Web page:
Peace Works Travel Blog

Wednesday, February 18, 2015

Francis Parker Exploring Southeast Asia

Wednesday, Feb. 11: A Country of Opposites

Vietnam is a country of opposites. From order to chaos, from communism to captialism, and from old to new. Today, we explored these seemingly incompatible worlds.

Walking in a single-file line through the covered corridor at Ho Chi Minh’s Mausoleum, it seemed as if we faced a new guard at every step. Despite the guards’ stern appearce with their pressed and intricate uniforms, we were suprised to see them smile at our light-hearted “xin chao”s. However, as we neared Ho Chi Minh’s tomb, the atmosphere suddenly shifted to a more serious tone. The tomb was silent, and all attention was on the angelic body that lies at the core of the Vietnamese communist identity. The tomb embodied socialist architecture through its square, imposing shape, and the sentiment that all who were present were witnessing something much larger than ourselves. Even as foreigners from America, we were able to grasp his ever-lasting legacy. This understanding was deepened when we visited Ho Chi Minh’s humble living quarters, and his conscious decisions to emulate the lives of his impoverished nation.


“Our great president, Ho Chi Minh, lives forever!” the banner hangs aside his Mausoleum. Photograph by senior Olivia Fidler.

Group photo in front of the Mausoleum.

After exiting the tomb, we stood in the square and reflected on the tomb and the government buildings surrounding us. Though the government is technically democratic, the Parliament building was situated between Ho Chi Minh’s tomb and the Communist headquarters, clarifying the firm hold the Communist Party has on the Vietnamese government (85% of the Parliament belongs to the Party). This was only the first of many contrasts that we would experience today.

Transitioning from Vietnam’s recent history, we stepped back into the 11th century through our visit to the Temple of Literature. In the thick of modern Hanoi, the Temple of Literature shifted our focus from the power of the collective population at Ho Chi Minh’s tomb to the opportunities of the educated elite. Vietnam’s first national university was restricted to the few that could afford to be competitive; the Confucian meritocracy of old Vietnam was not open to all. The names of graduates were engraved on stone tablets, resting atop tortoises (a Vietnamese symbol of longevity), representing their ever-lasting achievements.


Pictured in the bottom left is a yellow fruit which locals call “Buddha’s hands,” serving as a common offering in Vietnamese shrines, such as this one at the Temple of Literature. Photograph by senior Olivia Fidler.

Shifting from our morning’s focus on the grandeur of Vietnamese history, we met with our pen pals to get a taste of everyday life in modern Vietnam. Becoming acquainted with everyday life in Vietnam was as simple as sitting down with our pen pals at a street cafe. In our small talk, our interests in each other’s differences brought us as close together as our similarities. After lunch, the schedule was ours to control.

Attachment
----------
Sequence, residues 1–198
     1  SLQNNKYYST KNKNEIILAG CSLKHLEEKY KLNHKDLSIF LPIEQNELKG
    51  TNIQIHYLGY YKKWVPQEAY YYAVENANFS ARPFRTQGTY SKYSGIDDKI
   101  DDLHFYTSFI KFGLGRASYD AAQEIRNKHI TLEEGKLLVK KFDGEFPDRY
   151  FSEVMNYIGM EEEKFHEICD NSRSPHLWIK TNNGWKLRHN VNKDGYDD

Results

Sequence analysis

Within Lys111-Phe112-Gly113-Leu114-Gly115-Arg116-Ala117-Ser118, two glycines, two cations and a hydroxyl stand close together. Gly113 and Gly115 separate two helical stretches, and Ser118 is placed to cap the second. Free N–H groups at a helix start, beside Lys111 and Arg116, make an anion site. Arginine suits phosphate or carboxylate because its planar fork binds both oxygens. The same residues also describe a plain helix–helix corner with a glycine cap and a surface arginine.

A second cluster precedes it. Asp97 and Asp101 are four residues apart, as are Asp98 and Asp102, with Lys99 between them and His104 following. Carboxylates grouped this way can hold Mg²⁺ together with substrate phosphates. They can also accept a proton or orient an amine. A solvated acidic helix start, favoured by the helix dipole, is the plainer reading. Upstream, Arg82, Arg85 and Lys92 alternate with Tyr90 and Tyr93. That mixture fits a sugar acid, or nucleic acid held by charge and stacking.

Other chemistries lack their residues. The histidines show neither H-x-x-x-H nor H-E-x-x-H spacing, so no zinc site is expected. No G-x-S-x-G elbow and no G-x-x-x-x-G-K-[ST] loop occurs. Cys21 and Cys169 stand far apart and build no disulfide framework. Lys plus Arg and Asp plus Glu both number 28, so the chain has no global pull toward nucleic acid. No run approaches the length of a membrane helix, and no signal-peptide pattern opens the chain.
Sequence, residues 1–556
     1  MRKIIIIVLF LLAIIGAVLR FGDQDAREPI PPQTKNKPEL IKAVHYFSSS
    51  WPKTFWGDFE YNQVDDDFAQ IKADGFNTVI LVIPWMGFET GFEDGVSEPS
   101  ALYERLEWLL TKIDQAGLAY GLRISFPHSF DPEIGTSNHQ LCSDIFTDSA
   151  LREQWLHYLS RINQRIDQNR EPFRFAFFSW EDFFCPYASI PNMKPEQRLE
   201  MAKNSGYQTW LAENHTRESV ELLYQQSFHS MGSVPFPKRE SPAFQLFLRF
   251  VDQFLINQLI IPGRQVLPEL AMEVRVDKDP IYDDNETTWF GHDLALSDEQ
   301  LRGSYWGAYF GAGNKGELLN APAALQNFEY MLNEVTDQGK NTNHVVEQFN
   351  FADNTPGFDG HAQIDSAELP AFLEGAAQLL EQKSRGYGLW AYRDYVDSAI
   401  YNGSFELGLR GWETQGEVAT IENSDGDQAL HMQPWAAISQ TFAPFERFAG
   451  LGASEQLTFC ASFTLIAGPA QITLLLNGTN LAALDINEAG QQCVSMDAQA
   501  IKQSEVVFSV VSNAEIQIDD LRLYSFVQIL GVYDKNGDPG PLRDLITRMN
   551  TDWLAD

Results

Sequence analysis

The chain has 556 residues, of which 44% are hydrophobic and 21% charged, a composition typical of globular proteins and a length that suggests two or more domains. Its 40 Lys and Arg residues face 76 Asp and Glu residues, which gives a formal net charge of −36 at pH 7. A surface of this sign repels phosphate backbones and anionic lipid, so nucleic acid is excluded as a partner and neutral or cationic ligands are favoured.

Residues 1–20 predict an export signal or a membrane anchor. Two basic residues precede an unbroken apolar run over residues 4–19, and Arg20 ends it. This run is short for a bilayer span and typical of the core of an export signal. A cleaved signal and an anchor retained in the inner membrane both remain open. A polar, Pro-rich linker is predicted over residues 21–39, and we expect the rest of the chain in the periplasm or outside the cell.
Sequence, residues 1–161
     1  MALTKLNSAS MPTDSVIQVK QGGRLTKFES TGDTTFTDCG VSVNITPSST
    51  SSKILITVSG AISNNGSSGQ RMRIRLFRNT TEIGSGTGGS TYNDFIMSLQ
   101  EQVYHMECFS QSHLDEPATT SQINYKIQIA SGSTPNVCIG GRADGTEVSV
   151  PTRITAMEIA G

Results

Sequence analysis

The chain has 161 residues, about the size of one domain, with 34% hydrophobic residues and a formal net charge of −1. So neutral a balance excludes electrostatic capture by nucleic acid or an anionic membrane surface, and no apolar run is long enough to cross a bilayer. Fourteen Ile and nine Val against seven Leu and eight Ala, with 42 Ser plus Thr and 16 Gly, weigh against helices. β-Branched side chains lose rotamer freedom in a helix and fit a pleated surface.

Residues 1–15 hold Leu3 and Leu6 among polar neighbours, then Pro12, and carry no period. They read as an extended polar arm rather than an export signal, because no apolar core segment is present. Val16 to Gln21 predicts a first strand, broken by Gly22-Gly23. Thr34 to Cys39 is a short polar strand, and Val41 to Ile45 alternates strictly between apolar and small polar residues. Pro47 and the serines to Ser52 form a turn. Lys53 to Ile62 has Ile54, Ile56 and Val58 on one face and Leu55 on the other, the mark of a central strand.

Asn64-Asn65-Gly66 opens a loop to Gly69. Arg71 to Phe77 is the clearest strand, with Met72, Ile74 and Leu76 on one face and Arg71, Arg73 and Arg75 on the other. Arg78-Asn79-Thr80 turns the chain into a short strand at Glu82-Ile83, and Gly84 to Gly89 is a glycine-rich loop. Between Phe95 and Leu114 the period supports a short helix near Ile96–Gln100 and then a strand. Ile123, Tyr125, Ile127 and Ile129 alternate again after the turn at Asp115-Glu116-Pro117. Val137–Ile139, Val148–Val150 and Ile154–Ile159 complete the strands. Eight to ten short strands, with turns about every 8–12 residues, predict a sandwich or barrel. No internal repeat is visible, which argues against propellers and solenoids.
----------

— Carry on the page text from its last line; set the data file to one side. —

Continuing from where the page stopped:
Most of the group decided to walk through a market in the midst of rush hour traffic. The stands around the streets were as busy as the traffic, and we were able to buy goods from propaganda posters to cheap toys. The competitive nature of business being done at the market was a stark contrast to the communist ideals we were exposed to earlier in the day.

With horns blaring and motocycles whizzing by, crossing the street with a group of over 20 people quickly became a formidable challenge. Photograph by senior Pedro Gallardo.
To escape from the hustle and bustle of the streets, we retreated to group coordinator Son’s favorite eclectic stop. Our time at Cafe Nola was spent with further bonding with our pen pals over mochas and piano renditions of pop songs.

This four-story-plus, hole-in-the-wall coffee shop specialized in New Orleans’ cuisine. Photograph by senior Grace Sellick.

The singing carried on into the evening as the group headed over to a karaoke bar. We were suprised to find that our pen pals seemed to know the words to American songs better than we did; it was clear that Western culture thrives alongside the Vietnamese tradition. Bonding over less-than-stellar performances of John Lennon’s “Imagine” and Katy Perry’s “Hot and Cold,” karaoke was a great final send-off from the pen pals who now seemed like old friends. The farewells were certainly difficult, but we were reminded of the brief but meaningful times we spent together in Hanoi.

Group picture with our pen pals in Ly Thai To Square.

Over the past couple of days were immersed in many contrasts, both cultural and political. We are interested in seeing how Hanoi will change in times to come and hope to visit again to see these changes for ourselves.

— Zak Brownlie, Olivia Fidler, Pedro Gallardo

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